The Basics of Chatting
Internet chat has evolved quite a bit from its original inception, but the basic premise of chatting remains the same. Users at different computers are able to connect to each other, using either a web browser or a dedicated program to serve as a go-between for the chat participants' computers. Chatting often allows multiple users to connect at the same time, though some chat programs may limit the total number of users who can be connected at once. There are two main forms of chatting that you will find; browser-based chat rooms that don't require dedicated software to run, and those chat clients and instant messengers which are dedicated programs on their own.
Browser-Based Chat Rooms
Browser-based chat rooms come in a number of different forms. There are simple HTML chats that refresh themselves automatically in order to display messages that were posted since the previous refresh. Then you have Java or Flash-based chat rooms that update the conversation in real-time. Regardless of the type of update system that a chat room uses, the way that it functions remains basically the same. The chat room is hosted on a web server, and users connect to the server in a manner similar viewing a web page. The users don't connect directly to each other in most cases, but instead simply receive the updates from the server that show what everyone else has typed or posted in the chat. This allows users to interact with each other without opening up their computer to a direct connection with an unknown person. If an error occurs with the server that the chat room is hosted on, the room will be unavailable until the error is resolved.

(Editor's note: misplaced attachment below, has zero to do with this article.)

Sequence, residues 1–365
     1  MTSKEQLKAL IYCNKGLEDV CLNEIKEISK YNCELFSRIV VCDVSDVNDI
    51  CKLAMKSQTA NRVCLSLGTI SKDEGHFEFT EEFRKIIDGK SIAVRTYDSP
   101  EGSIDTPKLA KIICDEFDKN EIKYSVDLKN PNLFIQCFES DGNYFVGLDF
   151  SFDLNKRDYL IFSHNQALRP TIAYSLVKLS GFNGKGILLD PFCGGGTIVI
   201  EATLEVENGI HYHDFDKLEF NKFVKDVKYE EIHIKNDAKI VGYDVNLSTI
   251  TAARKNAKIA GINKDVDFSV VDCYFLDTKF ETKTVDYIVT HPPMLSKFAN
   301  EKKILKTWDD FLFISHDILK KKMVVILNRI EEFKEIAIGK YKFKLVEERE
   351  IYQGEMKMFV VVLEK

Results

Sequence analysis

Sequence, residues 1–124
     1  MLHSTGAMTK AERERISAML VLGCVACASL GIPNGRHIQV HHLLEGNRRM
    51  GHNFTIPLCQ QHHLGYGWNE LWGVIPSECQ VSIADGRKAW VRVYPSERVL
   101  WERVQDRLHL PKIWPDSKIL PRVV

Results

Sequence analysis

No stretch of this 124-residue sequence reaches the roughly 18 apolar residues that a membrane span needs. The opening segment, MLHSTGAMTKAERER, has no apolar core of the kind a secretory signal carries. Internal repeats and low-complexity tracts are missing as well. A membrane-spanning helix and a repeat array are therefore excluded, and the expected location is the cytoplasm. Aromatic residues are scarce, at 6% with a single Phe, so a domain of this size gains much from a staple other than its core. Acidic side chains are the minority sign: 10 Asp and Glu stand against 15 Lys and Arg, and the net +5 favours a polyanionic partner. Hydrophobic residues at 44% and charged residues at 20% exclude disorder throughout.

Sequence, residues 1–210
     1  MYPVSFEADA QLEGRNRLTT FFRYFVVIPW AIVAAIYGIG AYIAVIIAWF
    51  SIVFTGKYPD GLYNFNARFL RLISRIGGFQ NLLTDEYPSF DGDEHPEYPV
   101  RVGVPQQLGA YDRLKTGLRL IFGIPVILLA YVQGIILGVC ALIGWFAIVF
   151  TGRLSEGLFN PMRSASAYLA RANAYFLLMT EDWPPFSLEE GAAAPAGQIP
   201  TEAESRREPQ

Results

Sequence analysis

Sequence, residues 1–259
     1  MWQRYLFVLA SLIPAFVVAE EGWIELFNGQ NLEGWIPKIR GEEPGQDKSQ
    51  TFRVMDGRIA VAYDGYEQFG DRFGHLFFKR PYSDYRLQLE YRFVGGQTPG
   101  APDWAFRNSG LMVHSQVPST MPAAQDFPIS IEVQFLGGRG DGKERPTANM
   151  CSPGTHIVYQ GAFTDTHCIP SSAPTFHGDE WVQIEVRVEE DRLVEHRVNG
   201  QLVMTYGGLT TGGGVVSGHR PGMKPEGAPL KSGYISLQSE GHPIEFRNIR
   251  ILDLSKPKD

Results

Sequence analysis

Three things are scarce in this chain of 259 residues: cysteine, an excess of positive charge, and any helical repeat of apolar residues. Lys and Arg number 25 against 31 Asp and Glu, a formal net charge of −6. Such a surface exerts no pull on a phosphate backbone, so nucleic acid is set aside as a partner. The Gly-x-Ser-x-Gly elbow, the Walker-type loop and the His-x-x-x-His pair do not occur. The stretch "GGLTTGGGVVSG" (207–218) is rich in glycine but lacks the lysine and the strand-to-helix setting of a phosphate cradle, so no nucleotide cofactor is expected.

Instant Messaging and Chat Clients
Instant messaging programs and dedicated chat clients work in a similar manner to chat rooms, though there is no web-based interface involved. Though these programs and chat clients may be focused on small conversations and occasional file transfers, there is still a server which acts as a go-between for the participants. Each message which is sent travels first to the server that the chat client or program is connected to, and from there it is sent to the appropriate recipient's computer. The server acts more as a routing agent than a host, with much of the functionality of the chat coming from the software installed on the users' computers. Should an error occur with the central server, users may be disconnected from the chat network or some messages may not be received.
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